When I tried the free Cardboard demo of Justice League VR I said it wasn’t bad for, you know, a free Cardboard demo. In fact, I’ll admit I was even looking forward to trying out the full version, which is now available on Rift, Vive and PSVR after a brief exclusive stint at IMAX VR locations. Sadly, this minigame compilation doesn’t translate well into a bigger package on more able headsets.
The Justice League VR game lets you play as each member of the League including — I’m just going to say it — Superman in their own unique challenges. Each is poised as a VR training simulation undertaken by Bruce Wayne to learn how each warrior thinks and fights. Poor old Jeremy Irons has been roped in to provide a handful of sassy one-liners as Alfred, and if you score enough points in a game you’ll unlock the respective hero’s suit to display in the Bat-cave.
As an overall package, there’s really very little fun to be had in Justice League VR. Each game targets a different set of mechanics but they’ve simply been done better elsewhere. At best, the games are boring, with no music and serviceable controls. At worst, they’re clumsy and confusing. Seeing through the entire package will take less than an hour and there’s no reason to revisit them past unlocking the other suits. But let’s take a closer look.
Appearing for the first time in the home headset version of the game, Superman’s level has you flying forward at high speeds, using your laser vision to eradicate parademons. While it’s fun to hold your hand forward to imitate the Man of Steel, the game is a little dizzying and underwhelming. You aim your heat vision and steer with your head, but only get a limited boost by throwing one arm forward, making it tiring to constantly withdraw and then stretch out your arm over and again. The environments are nice and plowing through rock is a thrill, but there’s no impact or joy to be had from lazily glaring at the enemy and hoping it dies.
Speedster superhero The Flash probably has the worst pick of the lot. In this woeful experience you race down a subway in time to stop a bomb, occasionally shaking your controllers for a boost. Despite being, y’know, The Flash, running as fast as possible is not a good idea, as it’ll usually send you flying into an obstacle, be it a train or debris. You steer by looking at the place you want to run to next, including walls and ceilings, but the system just isn’t responsive enough to avoid many of the gates that block your path. The end result is a frustrating, confusing experience.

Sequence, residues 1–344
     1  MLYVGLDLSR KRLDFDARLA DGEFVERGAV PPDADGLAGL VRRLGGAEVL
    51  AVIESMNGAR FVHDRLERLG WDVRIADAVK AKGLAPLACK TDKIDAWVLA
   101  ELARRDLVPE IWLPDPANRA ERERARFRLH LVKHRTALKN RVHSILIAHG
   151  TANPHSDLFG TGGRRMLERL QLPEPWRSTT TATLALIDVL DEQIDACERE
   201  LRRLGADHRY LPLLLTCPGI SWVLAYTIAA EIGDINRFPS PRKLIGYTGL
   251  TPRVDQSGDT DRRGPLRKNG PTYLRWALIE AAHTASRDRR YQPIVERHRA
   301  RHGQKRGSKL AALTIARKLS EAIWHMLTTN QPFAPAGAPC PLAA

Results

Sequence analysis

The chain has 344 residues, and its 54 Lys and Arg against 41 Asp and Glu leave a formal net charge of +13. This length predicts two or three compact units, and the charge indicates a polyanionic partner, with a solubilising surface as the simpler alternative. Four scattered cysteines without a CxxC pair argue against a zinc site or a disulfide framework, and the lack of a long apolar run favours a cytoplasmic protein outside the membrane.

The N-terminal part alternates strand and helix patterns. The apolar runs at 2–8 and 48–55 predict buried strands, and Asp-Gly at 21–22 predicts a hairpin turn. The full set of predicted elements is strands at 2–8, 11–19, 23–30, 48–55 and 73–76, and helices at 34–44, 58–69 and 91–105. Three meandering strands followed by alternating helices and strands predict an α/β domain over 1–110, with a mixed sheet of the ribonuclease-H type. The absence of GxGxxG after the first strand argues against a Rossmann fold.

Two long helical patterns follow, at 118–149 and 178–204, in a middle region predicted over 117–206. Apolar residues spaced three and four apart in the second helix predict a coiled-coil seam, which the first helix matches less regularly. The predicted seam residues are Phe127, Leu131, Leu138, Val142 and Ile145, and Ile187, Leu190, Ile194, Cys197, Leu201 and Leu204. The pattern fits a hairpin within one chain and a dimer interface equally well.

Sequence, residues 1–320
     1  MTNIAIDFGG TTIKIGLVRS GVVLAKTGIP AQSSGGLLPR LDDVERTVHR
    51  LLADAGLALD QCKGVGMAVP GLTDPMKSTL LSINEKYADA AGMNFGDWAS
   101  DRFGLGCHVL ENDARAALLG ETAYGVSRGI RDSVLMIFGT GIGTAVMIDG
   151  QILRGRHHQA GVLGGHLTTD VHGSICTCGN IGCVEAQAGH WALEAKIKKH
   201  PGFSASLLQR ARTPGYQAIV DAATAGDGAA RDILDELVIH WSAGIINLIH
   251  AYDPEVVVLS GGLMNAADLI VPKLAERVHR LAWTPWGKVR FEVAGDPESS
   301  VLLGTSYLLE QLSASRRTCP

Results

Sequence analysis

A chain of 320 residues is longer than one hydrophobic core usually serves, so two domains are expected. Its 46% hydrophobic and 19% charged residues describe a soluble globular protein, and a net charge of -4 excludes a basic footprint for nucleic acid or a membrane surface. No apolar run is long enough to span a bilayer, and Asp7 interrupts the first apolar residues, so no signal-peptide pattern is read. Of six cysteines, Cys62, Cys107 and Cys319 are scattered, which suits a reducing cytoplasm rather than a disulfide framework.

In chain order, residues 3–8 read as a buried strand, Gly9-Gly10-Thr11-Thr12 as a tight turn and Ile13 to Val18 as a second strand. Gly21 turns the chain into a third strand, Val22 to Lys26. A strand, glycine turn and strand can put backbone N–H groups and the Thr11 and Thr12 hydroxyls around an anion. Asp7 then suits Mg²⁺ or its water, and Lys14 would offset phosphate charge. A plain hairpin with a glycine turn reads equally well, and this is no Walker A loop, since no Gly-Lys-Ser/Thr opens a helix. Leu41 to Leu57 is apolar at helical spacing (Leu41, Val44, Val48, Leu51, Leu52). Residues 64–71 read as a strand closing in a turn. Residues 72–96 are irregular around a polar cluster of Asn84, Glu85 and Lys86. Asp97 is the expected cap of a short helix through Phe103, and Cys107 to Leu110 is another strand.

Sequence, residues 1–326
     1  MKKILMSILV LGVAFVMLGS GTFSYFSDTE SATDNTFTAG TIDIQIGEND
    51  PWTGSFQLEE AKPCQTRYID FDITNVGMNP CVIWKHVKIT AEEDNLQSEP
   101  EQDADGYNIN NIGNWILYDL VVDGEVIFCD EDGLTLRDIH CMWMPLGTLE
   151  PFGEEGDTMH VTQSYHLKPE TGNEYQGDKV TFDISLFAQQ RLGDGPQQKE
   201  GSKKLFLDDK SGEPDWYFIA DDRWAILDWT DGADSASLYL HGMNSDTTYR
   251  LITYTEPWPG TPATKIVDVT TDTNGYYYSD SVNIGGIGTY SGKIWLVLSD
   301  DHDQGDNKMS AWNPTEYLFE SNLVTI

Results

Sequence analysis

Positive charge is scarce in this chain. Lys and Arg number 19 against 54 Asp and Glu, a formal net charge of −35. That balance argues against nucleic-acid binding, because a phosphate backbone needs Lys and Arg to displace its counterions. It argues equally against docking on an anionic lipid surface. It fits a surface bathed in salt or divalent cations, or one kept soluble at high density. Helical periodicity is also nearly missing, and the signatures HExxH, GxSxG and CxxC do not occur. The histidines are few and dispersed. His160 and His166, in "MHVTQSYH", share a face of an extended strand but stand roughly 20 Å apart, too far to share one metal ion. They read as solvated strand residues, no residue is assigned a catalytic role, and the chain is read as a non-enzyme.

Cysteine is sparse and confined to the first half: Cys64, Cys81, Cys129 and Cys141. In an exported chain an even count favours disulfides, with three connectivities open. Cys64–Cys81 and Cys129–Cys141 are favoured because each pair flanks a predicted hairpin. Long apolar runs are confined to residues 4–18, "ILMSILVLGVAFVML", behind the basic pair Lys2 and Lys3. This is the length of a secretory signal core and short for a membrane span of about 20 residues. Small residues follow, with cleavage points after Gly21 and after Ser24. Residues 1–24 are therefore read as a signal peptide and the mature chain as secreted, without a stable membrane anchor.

Surprise, surprise; this one’s a wave shooter. But it is at least a solid one, making this the most enjoyable game of the bunch. Cyborg takes down drones with wrist-mounted machine guns and canons but also has a small shield he can use to block incoming fire. There’s a boss to fight and the odds quickly becoming overwhelming. It’s not memorable in the least bit — you’ve played it a hundred times before — but at least the objectives are clear and the foundations are stable.
Aquaman’s mission is similar to Superman’s only, instead of fighting parademons, you’re fighting a big fish. This time you throw yourself forward with one arm and then swipe at weak spots with the trident in your other. While this is visually the best of the bunch, the mechanics are pretty shaky. Boosting sometimes doesn’t work when you need it to and it’s a crap shoot as to if you’ll actually hit something when you swing your trident before the fish swims away again.
We’re on his third VR experience now and poor old Batman still can’t seem to get it right. Here we steer the Batmobile and shoot down enemy tanks as we race along a Gotham sewer. The controls are on-point, as you steer realistically, but there’s very little satisfaction to have had in shooting the handful of enemies, some of which you’ll race past and find yourself unable to slow down so you can finish them off. It wraps up before you can even make an impression.
With sword and shield in hand, Wonder Woman stood the best chance of coming out of this one unscathed, but the controls here are more akin to a Wii waggle-fest than something like Vanishing Realms. Parademons rush you and you’ll hit them with what essentially feels like a big stick that’s glued to your hand, teleporting around a small but lush environment. The combat works whether you flick your wrist or do a full swing, but it’s largely lifeless and unengaging. Occasionally you can link your arms for an arena attack, which has its small pleasures.